Hardware Beautiful TV in a living room

Published on January 30th, 2018 | by Brad Gibson

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Super Bowl + Apple TV = New TV deals not to pass up

It’s that time of the year again. Yes, to buy a TV. Oh, and the Super Bowl too.

According to Consumer Reports and Gap Intelligence, now is the second-best time of the year to buy a new TV at some of the lowest prices ever. Retailers will be trying to clear out 2017 sets in anticipation of 2018 models that start arriving in a month or two. On average, Super Bowl sales push down prices by an average of 22 percent, and those deals tend to favor crowd-pleasing large-screen sets.

So with that in mind, here are five TVs in different price ranges that your Apple TV will thank you for hooking up to it….

Samsung 65-inch Smart LED

$848 on WalMart

The UN65MU6300 is Samsung’s mid-range 65-inch fourth generation of flat screen 4K Ultra HD TVs. A 4K Ultra HD TV provides 3840 x 2160 resolution, which is four times the resolution of HD. This allows you to sit closer to a larger TV and get the immersive movie theater experience. It’s quite versatile thanks in part to its high contrast which gives it decent picture quality in a dark room. Its input lag is also quite low, making it a good choice for gaming.

Sony Premium 65-inch Ultra HD Smart LED TV

$1,498 on Amazon

The top-rated Sony XBR-65X900E is one of Sony’s best 65-inch 4K Ultra HD TVs for 2017. HDR allows for brighter more vivid colors that pop, and a wider range from dark to light. Excellent image quality, with deep black levels, accurate color, solid video processing and best-in-class high dynamic range performance. Its modern, minimalist styling is a cut above budget models.

LG Electronics 65-inch Ultra HD Smart LED TV

$1,297 on JCPenny

Let’s be honest. While this is a LED TV, it’s really a LED-backlight LCD model. But thanks to its wide, accurate color gamut and bright panel, the LG 65SJ9500 handles HDR content almost as well as an OLED. The HDR picture is rich and vibrant, without appearing oversaturated. At this price, it pushes the limits of just what a LED-backlit LCD TV can do, at least in terms of color performance.

Samsung Electronics 50-inch 4K Ultra HD Smart LED

$478 on Amazon

The UN50MU6300 is a smaller version of the UN65MU6300 and a budget TV that offers a ton of features, incredible picture quality and 4K resolution for a budget conscious buyer. Edge-lit LED-backlit LCDs are not the ideal picture technology (even in 4K), however, Samsung’s semi-clear coat screen is a big plus. Images are clear and color information is accurate. The TV has built-in Wifi and plenty of HDMI inputs (4) and 3 USB inputs. Its best feature is its price.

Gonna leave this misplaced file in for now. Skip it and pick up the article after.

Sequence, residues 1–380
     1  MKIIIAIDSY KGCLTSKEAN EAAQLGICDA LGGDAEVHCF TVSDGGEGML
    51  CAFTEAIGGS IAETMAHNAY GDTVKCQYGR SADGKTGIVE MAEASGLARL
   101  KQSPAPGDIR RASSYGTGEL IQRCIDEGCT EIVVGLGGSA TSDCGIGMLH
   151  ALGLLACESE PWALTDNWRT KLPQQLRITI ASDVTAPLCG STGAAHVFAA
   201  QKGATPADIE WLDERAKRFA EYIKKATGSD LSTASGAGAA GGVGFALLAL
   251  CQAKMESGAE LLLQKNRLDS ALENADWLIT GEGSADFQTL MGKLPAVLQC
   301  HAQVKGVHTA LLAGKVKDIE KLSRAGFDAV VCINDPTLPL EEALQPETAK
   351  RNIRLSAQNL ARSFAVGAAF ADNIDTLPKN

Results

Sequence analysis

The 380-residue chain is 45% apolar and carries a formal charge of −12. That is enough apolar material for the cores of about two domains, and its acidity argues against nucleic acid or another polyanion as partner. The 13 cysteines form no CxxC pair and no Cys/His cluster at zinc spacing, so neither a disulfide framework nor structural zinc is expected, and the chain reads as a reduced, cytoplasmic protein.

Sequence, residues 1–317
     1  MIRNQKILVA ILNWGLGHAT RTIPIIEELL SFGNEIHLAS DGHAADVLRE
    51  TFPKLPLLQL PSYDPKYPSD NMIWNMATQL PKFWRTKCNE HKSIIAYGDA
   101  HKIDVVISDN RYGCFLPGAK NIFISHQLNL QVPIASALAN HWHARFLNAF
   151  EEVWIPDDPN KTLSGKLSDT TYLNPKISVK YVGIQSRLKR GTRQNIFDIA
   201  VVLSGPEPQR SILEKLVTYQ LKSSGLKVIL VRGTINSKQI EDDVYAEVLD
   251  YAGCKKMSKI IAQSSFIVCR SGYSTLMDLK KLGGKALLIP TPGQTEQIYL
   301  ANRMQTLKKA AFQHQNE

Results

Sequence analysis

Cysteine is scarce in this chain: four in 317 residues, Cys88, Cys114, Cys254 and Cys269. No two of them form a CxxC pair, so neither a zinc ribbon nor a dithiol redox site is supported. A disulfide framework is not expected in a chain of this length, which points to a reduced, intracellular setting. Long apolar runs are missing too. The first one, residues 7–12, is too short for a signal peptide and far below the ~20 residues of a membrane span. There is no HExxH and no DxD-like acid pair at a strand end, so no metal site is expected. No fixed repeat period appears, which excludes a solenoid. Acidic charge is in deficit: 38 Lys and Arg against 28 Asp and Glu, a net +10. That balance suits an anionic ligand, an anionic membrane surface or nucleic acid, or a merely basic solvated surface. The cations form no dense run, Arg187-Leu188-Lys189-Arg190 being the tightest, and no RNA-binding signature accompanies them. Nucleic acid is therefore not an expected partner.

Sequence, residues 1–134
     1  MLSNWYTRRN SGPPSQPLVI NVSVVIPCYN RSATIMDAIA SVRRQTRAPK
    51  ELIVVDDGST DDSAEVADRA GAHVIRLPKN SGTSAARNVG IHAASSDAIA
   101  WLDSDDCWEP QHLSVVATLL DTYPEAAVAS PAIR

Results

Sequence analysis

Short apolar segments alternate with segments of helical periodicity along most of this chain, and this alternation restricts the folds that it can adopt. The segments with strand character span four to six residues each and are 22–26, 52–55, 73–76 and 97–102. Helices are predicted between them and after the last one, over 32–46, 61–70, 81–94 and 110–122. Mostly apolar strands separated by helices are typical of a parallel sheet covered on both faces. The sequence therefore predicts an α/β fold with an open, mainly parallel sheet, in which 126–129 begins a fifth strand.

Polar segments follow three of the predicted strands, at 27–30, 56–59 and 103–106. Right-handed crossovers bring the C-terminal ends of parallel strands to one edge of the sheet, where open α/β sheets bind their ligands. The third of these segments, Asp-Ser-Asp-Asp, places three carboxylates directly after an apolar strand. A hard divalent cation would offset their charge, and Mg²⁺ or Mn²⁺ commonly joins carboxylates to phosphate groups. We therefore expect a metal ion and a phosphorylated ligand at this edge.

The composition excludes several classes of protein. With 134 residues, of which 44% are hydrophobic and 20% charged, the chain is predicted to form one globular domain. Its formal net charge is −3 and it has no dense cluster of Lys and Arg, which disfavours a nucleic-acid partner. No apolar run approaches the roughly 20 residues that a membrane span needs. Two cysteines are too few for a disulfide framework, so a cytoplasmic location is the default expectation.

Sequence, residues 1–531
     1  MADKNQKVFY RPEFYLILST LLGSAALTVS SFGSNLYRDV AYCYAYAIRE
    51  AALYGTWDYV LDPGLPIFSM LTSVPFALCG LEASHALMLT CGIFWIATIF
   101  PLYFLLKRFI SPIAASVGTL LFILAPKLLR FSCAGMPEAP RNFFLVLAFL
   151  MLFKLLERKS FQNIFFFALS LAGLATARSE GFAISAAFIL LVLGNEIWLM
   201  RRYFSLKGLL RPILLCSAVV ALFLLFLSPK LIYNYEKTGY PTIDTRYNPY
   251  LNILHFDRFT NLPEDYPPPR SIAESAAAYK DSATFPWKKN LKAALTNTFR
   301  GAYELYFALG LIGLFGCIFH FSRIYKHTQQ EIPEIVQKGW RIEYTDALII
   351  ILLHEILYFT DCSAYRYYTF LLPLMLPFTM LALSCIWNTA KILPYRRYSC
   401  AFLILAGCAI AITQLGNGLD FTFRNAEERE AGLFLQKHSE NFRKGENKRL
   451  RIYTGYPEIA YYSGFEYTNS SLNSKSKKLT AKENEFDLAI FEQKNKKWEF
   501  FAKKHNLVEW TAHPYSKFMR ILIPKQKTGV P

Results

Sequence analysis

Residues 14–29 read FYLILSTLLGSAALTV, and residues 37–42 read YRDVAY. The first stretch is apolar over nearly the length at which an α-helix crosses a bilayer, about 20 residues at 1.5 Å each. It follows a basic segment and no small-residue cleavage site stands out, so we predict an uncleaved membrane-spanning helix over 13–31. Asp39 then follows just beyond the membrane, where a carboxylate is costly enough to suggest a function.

TCL 55-inch 4K Ultra HD LED TV

$419 on Amazon

Okay, okay, you’re a cheap !*&$@# who doesn’t want to spend a lot on a TV. There’s no reason you can’t afford a 4K TV, thanks to the Chinese TV maker TCL who’s making great televisions these days. The TCL 55S405 has excellent overall image quality, with deep black levels, rich contrast, and accurate color, nicely upscales 1080p content, it has a nice frame rate, and it has passable speakers you can hear the bass on with HDR10 and Dolby Vision high dynamic range. Yes, it has Roku built-in, but we can overlook that.

Helpful hints

A few other helpful ideas from Consumer Reports to remember when buying a TV.

  • Don’t buy pricey cables. Avoid the markup when you’re in a store. Shop online at sites such as Amazon or Monoprice, where 6-foot HDMI cables go for less than $10.
  • Skip the extended warranty. Most major-brand TVs are fairly reliable. Instead, buy with a credit card or from a retailer such as Costco that automatically extends a manufacturer’s warranty.
  • Ask for a 30-day price-match guarantee. Then spend the next month eagerly watching for price drops.
  • Get social. The Facebook pages and Twitter feeds of your favorite retailers are a great way to find out about deals and promotions. Those retailers might even reward customers who “like” or follow them.

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About the Author

Brad is co-founder and editor-in-chief of BESTAppleTV.com. He has been a technology reporter since the late 1980s having previously worked for MacUser, MacFormat, and iCreate magazines, as well as MacNN.com, MacObserver.com, MacCentral.com, MacMinute.com, and Macworld.com. He hosted and produced the MacFormat This Week podcast for three years. He was also a reporter, editor, and producer for the Associated Press and United Press International.



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